1910-07-04 Jack Johnson w rtd 15 (45) James J. Jeffries, The Amphitheatre, Reno, Nevada, USA - WORLD
1910-07-04 Jack Johnson w rsc 15 (45) James J. Jeffries, The Amphitheatre, Reno, Nevada, USA - WORLD. Referee: Tex Rickard. The former champion was coaxed out of retirement on the grounds that he was expected to win for the white race and put Johnson (208) firmly in his place. Unfortunately for his supporters, after six years out of the ring and at the age of 35, the weary Jeffries (227) was just not up to the task. Systematically beaten, at the end of the 11th round Jeffries’ corner wanted to retire him but he would not hear of it. With Johnson taunting Jeffries, while hitting him at will, it could not last and in the 15th the latter was twice dropped before being counted out.
It had been an unedifying slaughter and from that moment on many people involved in boxing, whether it be administering, organising or reporting, felt that it was imperative that America found a ‘white’ champion to supplant the arrogant Johnson. With men such as the famous author and boxing fan, Jack London, beating the drum, thus began in earnest the period which came to be known as ‘The Era of the Great White Hope’, with tournaments springing up around the country to find a successor to Johnson. Men who were either already claiming the ‘white’ title or were likely candidates included Luther McCarty, Al Palzer, Fireman Jim Flynn, Jim Barry, Frank Moran, Carl Morris, Arthur Pelkey, Gunboat Smith, Tom Kennedy, Jess Willard, Al Kaufman, and Bombardier Billy Wells. The Fort Wayne Indiana Sentinel even reported that a ten-round no-decision contest between Palzer and Kennedy at the Royal AC, Clermont Rink, Brooklyn, NYC, New York, on 29 November 1911, was billed for the ‘white’ title. The fight went the distance, with Kennedy credited by the press as being the winner.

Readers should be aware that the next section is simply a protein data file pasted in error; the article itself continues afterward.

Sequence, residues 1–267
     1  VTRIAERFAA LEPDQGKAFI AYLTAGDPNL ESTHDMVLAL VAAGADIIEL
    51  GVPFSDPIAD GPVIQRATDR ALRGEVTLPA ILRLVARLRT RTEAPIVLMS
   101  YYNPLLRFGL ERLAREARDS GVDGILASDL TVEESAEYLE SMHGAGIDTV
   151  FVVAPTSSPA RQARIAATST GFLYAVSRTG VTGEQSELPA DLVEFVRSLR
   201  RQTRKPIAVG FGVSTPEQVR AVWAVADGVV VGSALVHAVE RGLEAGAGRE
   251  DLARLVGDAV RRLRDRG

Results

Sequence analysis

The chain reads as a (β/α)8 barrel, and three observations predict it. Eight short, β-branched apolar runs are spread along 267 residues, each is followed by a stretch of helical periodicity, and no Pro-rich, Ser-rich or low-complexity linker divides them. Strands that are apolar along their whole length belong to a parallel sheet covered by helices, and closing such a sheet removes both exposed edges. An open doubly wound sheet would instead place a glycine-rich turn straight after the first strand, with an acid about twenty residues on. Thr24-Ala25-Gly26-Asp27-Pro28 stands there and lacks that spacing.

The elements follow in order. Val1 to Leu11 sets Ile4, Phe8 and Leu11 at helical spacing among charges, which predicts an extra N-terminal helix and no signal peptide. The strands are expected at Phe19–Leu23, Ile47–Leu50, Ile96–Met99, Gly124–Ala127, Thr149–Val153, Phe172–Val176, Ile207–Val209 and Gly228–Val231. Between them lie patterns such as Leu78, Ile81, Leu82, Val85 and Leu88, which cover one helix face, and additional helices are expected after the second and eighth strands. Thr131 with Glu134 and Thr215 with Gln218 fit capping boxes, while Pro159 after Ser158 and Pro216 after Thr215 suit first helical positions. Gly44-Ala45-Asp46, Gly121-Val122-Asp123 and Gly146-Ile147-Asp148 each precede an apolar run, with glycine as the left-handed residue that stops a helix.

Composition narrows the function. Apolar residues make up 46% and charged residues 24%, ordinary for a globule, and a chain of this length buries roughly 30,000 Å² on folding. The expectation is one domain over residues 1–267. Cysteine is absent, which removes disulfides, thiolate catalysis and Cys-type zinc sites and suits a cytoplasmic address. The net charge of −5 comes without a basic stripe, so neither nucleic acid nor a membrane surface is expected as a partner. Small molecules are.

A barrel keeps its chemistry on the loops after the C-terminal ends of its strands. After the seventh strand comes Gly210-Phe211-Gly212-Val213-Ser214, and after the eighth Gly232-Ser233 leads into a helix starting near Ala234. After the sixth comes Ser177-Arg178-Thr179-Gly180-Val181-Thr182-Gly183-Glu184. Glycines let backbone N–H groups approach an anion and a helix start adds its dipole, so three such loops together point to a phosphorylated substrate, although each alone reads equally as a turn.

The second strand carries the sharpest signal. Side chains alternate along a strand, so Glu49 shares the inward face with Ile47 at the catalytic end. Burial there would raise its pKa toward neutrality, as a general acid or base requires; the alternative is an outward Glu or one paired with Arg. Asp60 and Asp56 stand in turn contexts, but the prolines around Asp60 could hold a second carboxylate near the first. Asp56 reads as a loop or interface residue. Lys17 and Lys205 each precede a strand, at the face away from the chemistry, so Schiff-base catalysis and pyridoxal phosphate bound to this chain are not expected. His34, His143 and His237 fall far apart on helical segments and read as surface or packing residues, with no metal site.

On 6 September 1910 at the Armory AA, Boston, Massachusetts, Sam Langford outpointed Joe Jeannette over 15 rounds and in doing so was generally recognised as the ‘black’ champion. Langford then went on to successfully defend against Jeff Clark (w rsc 2 on 10 November 1910 at the Businessmens’ AC Auditorium, Joplin, Missouri), Morris Harris (w co 2 on 6 December 1910 at the Armory AA, Boston), Jeannette (w pts 12 on 10 January 1911 at the Armory AA, Boston), Sam McVea (drew 20 on 1 April 1911 at The Circus, Paris, France) and Jeannette (nd-drew 10 on 5 September 1911 at Madison Square Garden, Manhattan, NYC, New York), before losing to McVea (l pts 20 on 26 December 1911 at The Stadium, Sydney, Australia). However, Langford soon regained the ‘black’ title, outpointing McVea over 20 rounds at The Stadium, Sydney on 8 April 1912.
Earlier, a title fight proposed for 5 August 1911 between Johnson and PO Curran in Belfast, Ireland was called off after Johnson refused to box in Ireland and another championship fight set for 2 October 1911 at the Empress Hall, Earls Court, London, England against Wells had to be called off just days before. This came about after the Home Secretary and a London County Council representative intervened, having taken into account protests by an anti-boxing lobby. The official objection, despite lawyers pointing out the legality of boxing, was against a white man meeting a black man for money.